We reiterate our former recommendation with greater urgency".
However, no response came from the Department of Education and Science, which waited upon the courts.
It has taken two and half years for the courts to reach a decision. I understand that the Department has been thrown into some confusion by the Scarman ruling, which among other things, picked up a piece of onerous legislation in which the interpretations of residence were so defined that they might distinguish between categories of person of immigrant origin. That showed that the Immigration Act 1971 used "ordinary residence" to denote something very much less than the right of abode or settlement. It showed that ordinary residence could be seen to have a normal role and could be normal residence in Britain without being acceptance for settlement. Lord Scarman concluded that the applicant had to show that he had
habitually and normally resided in the United Kingdom from choice and for a settled purpose throughout the prescribed period, apart from temporary or occasional absences … An authority is not required to determine his 'real home', whatever that means".
I take the Scarman ruling to be the ultimate response, as settled in the courts and, I hope, accepted on both sides of the House, to the definition of "ordinary residence". That is not where the home is or was, and it is not where the predominant home is. It is the place where, for the preceding period of years, the person has been. I take it that the Government accept the Scarman definition and do not intend retrospectively to change it. I accept that they have been thrown into disarray by it and further delayed, as we understand, while they have weighed the chances of getting away with retrospective legislation. The Under-Secretary of State shakes his head unconvincingly, but that is the only explanation that I can offer on the Department's behalf. Those who have been waiting at the door of the Department over the past four months — universities, colleges, CLEA, the LEAs and individuals—have been told that there is no advice for them and that consultations are still taking place.
At the end of the Session before the Easter recess the Secretary of State pronounced on the regulations that had been laid, which provided for the repayment in some circumstances, as I understand it, of mandatory awards to persons who had failed in their claims to local education authorities for such awards.
We now have an attempt to return not to the status quo ante but to the law as we all thought it to be. This is being done in an attempt to get away with telling these students, irrespective of when they came here, that their fees will not be paid. I understood the Under-Secretary of State to say that they came to Britain not expecting their fees to be paid. I remind him that many of them came here thinking that they would not have to pay the sort of fees that were subsequently levied. I shall be interested to hear what he intends to say to the students—there are quite a number of them—who arrived here well before the switch to full-cost fees, who went through the three years of residence and who have since been in courses of higher education, for which they are now, I assume, to receive back their awards, or to receive for the first time a mandatory award to cover the years under the statutory instrument that is to be debated tomorrow. As I understand it, they are not to receive anything by way of fees. Is that the position?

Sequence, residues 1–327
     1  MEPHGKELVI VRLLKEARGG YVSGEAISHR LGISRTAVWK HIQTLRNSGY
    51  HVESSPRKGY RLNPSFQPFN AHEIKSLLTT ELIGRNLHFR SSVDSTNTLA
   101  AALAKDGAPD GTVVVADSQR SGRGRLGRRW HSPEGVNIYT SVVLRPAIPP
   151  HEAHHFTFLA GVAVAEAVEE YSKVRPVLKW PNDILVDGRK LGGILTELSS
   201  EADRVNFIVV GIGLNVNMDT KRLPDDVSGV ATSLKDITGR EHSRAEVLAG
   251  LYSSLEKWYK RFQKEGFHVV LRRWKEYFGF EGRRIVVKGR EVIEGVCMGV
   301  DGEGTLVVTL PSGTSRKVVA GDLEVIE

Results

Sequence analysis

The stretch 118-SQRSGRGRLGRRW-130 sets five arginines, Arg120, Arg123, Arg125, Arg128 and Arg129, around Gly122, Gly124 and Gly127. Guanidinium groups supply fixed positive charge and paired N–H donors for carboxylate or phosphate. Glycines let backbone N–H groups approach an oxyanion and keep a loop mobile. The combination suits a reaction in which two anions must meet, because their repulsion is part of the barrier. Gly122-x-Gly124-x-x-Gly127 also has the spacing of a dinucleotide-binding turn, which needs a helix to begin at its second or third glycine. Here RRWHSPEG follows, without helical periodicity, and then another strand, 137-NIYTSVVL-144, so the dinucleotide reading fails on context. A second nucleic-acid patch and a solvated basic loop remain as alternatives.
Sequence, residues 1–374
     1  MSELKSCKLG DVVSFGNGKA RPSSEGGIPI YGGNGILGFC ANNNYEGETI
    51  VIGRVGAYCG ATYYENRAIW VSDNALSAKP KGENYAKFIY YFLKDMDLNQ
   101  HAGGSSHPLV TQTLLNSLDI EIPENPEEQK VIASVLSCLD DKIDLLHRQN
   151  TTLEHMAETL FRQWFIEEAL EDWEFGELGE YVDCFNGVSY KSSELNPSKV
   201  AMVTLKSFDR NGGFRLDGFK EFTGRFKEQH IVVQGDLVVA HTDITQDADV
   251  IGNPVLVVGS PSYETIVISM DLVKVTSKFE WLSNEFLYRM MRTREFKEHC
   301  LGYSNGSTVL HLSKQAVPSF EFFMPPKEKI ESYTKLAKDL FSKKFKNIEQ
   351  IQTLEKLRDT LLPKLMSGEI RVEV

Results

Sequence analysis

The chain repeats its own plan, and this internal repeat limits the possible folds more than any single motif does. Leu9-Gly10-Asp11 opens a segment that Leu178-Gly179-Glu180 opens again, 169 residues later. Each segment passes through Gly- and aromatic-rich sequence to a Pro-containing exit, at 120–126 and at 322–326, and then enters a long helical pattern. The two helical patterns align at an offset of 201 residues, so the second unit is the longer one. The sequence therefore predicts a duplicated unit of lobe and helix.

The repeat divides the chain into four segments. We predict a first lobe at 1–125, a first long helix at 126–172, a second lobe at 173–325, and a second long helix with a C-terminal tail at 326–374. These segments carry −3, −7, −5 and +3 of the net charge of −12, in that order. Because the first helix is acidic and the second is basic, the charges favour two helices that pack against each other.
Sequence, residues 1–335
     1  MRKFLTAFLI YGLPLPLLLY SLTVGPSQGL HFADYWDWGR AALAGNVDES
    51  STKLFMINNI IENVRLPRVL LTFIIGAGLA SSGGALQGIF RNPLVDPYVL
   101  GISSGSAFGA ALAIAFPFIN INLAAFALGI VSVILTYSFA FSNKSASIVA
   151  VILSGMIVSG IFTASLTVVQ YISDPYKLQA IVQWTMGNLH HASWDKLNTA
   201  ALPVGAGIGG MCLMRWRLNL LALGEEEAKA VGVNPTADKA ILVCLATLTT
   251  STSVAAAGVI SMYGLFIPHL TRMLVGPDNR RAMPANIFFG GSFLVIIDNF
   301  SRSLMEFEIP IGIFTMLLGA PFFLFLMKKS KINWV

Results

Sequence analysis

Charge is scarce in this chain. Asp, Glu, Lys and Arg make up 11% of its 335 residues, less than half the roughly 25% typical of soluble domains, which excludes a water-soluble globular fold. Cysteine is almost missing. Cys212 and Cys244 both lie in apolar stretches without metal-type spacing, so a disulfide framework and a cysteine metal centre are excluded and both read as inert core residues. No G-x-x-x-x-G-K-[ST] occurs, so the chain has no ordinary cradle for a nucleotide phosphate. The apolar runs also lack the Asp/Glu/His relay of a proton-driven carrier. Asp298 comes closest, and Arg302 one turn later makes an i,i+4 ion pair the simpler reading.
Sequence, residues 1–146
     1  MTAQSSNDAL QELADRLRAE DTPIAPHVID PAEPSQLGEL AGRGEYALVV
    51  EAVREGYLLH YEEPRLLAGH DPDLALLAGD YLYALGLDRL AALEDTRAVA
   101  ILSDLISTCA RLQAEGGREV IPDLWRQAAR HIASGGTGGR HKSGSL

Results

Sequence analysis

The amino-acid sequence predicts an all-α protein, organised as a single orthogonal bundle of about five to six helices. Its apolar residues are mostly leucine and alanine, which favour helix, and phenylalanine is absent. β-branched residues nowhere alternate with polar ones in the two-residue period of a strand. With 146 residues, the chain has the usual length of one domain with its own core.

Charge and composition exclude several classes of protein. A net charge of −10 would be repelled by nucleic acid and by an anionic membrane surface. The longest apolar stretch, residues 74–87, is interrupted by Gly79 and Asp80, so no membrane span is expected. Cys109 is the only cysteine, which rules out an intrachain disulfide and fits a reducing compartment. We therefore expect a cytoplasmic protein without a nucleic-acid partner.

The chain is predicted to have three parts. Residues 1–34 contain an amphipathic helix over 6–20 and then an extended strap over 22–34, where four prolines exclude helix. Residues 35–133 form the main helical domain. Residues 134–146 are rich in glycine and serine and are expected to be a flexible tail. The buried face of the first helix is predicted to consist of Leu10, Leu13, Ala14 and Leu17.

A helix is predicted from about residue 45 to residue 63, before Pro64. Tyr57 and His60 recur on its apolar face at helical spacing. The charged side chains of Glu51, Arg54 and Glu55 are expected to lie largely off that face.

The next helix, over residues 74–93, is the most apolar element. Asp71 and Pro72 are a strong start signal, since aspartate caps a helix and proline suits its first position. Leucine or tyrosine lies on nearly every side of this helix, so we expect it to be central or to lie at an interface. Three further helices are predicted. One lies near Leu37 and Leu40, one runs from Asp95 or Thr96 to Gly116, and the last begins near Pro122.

It will depend on the specific case and the relationship established between the college and the individual in a particular case. It must be for the college and the individual concerned to examine all the circumstances of the case. But fees are not in the same position as awards, as I am sure the hon. Gentleman is aware. If a student is given a mandatory award for part of a course, he is given it for the whole of the course. The position over fees is not the same.
I cannot say that I have been greatly enlightened by that answer. It assumes an area of discretion for the institutions concerned which it seems that they will not have when the Bill is enacted. The Bill seeks to confer great powers upon the Secretary of State and the Department over an area of local government. I do not believe that there is the discretion to which the hon. Gentleman has referred.
I did not mean to suggest that the interpretation of the law will be a matter for the discretion of the colleges, but facts of particular cases may be. Awards and fees are different. Under statute, a mandatory award for any part of a course is an award for the whole of the course.